Clim. Past, 12, 2255-2270, 2016
© Author(s) 2016. This work is distributed
under the Creative Commons Attribution 3.0 License.
|Interactive discussion||Status: closed|
|AC: Author comment | RC: Referee comment | SC: Short comment | EC: Editor comment|
|- Printer-friendly version - Supplement|
|RC1: 'Referee report', Anonymous Referee #1, 24 Feb 2016|
|AC1: 'Response to Reviewer's comments', Kira Rehfeld, 04 Apr 2016|
|RC2: 'reviewer comments', Anonymous Referee #2, 29 Feb 2016|
|AC2: 'Response to reviewer comments', Kira Rehfeld, 15 Apr 2016|
|Peer review completion|
|AR: Author's response | RR: Referee report | ED: Editor decision|
|ED: Reconsider after major revisions (16 Apr 2016) by Dr. Eduardo Zorita|
|Dear Dr. Rehfeld,|
thank you very much for submitting your manuscript to Climate of the Past Discussions and for addressing the reviewers reports in your interactive comments.
As you already were aware both reviewers raised essentially the same main concern that current vegetation models embedded in earth system models use a much lower number of plant functional types than normally considered in real pollen-based climate reconstructions.
In your response, you argue that although the real number of plant functional types is indeed larger in reality than in the models, the effective real number is actually not that high and thus it is closer to the number used in models, because much of the information contained in the individual plant functional types is redundant.
This is an important piece of information that, in my opinion, actually transcends the initial goal of your study, as it would imply that the analogue search could actually be conducted in a space of lower dimensionality. It even may imply that the field work - collecting and analysing pollen samples - could be conducted more effectively by identifying key functional types that may be representative of a broader class, actually mimicking what vegetation models represent.
My impression is that this line of reasoning can lead to a broader debate in the climate reconstructions community between modellers and experimentalist, and therefore I would encourage you to pay special attention to this point in the revised version of the manuscript, presenting solid reasoning backed up by relevant literature.
Due to the potential controversial character of this point, it might become necessary to draw a third reviewer to evaluate this revised version.
Other than that, the reviewers express their opinion that the manuscript is well-written and that the topic is novel and relevant. Therefore, I am looking forward to that revised version of your manuscript that addresses the main criticism of the reviewers. My recommendation 'major revisions' reflects here the need for the revised version to be evaluated again regarding this point.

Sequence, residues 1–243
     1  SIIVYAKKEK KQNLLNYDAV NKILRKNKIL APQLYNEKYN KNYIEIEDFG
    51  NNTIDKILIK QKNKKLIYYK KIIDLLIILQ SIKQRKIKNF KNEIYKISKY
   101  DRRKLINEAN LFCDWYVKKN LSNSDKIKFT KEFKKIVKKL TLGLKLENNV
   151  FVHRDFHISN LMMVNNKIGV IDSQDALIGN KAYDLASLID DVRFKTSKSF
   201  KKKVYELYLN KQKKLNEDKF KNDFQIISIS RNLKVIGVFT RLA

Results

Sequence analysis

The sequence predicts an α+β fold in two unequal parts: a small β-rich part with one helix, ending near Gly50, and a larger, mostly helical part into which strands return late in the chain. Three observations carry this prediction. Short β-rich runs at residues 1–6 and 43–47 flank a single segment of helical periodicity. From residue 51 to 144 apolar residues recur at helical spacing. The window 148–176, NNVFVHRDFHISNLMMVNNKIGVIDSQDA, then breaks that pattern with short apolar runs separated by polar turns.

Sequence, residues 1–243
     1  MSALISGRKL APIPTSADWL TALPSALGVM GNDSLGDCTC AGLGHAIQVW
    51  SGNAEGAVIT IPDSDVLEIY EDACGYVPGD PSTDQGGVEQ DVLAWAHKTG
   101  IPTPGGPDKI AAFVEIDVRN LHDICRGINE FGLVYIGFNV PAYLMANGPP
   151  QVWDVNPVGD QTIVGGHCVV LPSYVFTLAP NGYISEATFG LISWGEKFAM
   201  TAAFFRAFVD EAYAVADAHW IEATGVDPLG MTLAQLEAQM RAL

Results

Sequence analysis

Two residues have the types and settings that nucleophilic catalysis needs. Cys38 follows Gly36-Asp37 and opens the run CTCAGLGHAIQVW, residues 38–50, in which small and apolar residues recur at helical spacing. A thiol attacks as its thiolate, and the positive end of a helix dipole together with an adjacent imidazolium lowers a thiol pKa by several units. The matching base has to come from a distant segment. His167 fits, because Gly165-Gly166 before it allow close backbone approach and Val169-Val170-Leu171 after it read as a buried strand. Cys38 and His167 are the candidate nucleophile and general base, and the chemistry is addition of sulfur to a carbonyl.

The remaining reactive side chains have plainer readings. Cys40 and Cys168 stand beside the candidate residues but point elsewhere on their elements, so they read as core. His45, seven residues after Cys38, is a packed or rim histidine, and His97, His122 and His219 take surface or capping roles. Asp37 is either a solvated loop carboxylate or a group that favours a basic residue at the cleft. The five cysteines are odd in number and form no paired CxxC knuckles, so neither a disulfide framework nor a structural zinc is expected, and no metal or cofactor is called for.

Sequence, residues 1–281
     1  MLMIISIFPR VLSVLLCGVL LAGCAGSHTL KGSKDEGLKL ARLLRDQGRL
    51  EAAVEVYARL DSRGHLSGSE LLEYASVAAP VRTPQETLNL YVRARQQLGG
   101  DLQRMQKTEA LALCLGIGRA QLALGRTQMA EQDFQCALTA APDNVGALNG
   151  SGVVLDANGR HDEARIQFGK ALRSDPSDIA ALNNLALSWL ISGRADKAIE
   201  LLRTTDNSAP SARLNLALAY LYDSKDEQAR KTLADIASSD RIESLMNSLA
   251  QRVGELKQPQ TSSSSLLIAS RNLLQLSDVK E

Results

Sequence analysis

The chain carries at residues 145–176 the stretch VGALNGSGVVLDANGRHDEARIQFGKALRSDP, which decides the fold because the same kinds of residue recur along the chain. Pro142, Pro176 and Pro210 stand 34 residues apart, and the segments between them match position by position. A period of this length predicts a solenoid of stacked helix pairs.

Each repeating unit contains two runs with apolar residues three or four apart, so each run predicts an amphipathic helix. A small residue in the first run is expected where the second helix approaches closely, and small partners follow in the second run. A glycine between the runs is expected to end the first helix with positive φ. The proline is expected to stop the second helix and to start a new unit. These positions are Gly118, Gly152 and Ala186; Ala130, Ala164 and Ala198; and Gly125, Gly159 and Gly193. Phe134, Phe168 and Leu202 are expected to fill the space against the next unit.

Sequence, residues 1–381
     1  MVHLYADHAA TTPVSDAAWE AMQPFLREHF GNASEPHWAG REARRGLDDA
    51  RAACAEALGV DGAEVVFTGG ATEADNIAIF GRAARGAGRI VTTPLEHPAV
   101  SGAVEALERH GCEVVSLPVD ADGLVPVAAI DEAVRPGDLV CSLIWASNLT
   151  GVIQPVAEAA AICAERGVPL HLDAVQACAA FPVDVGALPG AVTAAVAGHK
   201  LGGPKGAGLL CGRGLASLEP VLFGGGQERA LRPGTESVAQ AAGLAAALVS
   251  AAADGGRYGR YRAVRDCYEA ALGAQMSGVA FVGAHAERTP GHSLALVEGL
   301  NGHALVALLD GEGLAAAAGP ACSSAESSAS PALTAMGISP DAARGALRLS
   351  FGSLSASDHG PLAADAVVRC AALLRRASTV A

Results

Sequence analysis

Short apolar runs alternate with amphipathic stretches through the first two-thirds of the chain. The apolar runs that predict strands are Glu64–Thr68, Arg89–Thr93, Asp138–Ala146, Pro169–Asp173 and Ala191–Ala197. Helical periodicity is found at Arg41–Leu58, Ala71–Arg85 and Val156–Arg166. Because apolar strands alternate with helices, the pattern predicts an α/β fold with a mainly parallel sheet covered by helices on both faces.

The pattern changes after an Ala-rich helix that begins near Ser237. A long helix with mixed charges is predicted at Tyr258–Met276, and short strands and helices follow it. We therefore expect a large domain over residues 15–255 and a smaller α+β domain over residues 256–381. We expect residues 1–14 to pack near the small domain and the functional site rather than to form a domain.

|AR by Dr. Kira Rehfeld on behalf of the Authors (17 May 2016) Author's response Manuscript|
|ED: Referee Nomination & Report Request started (25 May 2016) by Dr. Eduardo Zorita|
|RR by John Williams (09 Nov 2016)|
|ED: Publish subject to minor revisions (review by Editor) (10 Nov 2016) by Dr. Eduardo Zorita|
|Dear Dr. Rehfeld,|
Thank you for submitting the reversed version of your manuscript to Climate of the past. After quite some time, this version has been evaluated by one reviewer - who was not involved in the evaluation of the initial submission but who had access to the open discussion phase of the evaluation process.
According to the evaluation report and my own reading of the manuscript, I am returning the manuscript to you for some revisions, which I think can be swiftly incorporated.
I want to apologize again for the unduly long time that the evaluation of this manuscript has consumed. There were some unusual circumstances that interrupted the review process and that were not completely under our control. Some reviewers that agreed to evaluate the manuscript did not finally provide an evaluation; in one case, one reviewer suffered unexpected events that prevented to complete the evaluation. Thank you very much for your patience.
As you can see in the attached evaluation report, the reviewer expresses a positive opinion about the manuscript and acknowledges that it can raise some controversial points in the community. This was already evident in the first round of reports. Although the reviewer does not agree with all the conclusions reached in your study, he recognizes that these will have to be vetted by the community as a whole after publication of the study. I broadly concur with his opinion. Any study strongly based on modelling, always depends to some extent on the realism of the models used, which is an evolving property of models.
The reviewer has generally identified a list of points the require your attention, mostly related to re-wording of sentences/paragraphs to improve the readability. My interpretation is that all of them can be in principle incorporated into a new version.
|AR by Dr. Kira Rehfeld on behalf of the Authors (26 Nov 2016) Author's response Manuscript|
|ED: Publish as is (05 Dec 2016) by Dr. Eduardo Zorita|
|Dear Dr. Rehfeld,|
thank you for revising the manuscript following the detailed review by J. Williams. In my evaluation, you have satisfactorily addressed his comments and concerns, and those of the previous reviewers', and I am now happy to recommend the publication of the manuscript in Climate of the Past.